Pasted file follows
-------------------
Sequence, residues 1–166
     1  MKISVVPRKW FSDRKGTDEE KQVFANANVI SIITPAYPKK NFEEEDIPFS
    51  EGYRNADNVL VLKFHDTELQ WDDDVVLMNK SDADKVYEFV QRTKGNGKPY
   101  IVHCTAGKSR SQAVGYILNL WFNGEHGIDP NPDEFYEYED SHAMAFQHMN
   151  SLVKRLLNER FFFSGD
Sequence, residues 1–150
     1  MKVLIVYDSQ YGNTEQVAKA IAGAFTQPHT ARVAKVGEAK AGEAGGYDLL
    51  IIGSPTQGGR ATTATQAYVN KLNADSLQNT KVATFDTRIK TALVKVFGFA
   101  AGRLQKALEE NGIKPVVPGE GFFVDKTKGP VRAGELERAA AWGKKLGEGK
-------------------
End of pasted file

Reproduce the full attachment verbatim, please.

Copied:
Sequence, residues 1–166
     1  MKISVVPRKW FSDRKGTDEE KQVFANANVI SIITPAYPKK NFEEEDIPFS
    51  EGYRNADNVL VLKFHDTELQ WDDDVVLMNK SDADKVYEFV QRTKGNGKPY
   101  IVHCTAGKSR SQAVGYILNL WFNGEHGIDP NPDEFYEYED SHAMAFQHMN
   151  SLVKRLLNER FFFSGD
Sequence, residues 1–150
     1  MKVLIVYDSQ YGNTEQVAKA IAGAFTQPHT ARVAKVGEAK AGEAGGYDLL
    51  IIGSPTQGGR ATTATQAYVN KLNADSLQNT KVATFDTRIK TALVKVFGFA
   101  AGRLQKALEE NGIKPVVPGE GFFVDKTKGP VRAGELERAA AWGKKLGEGK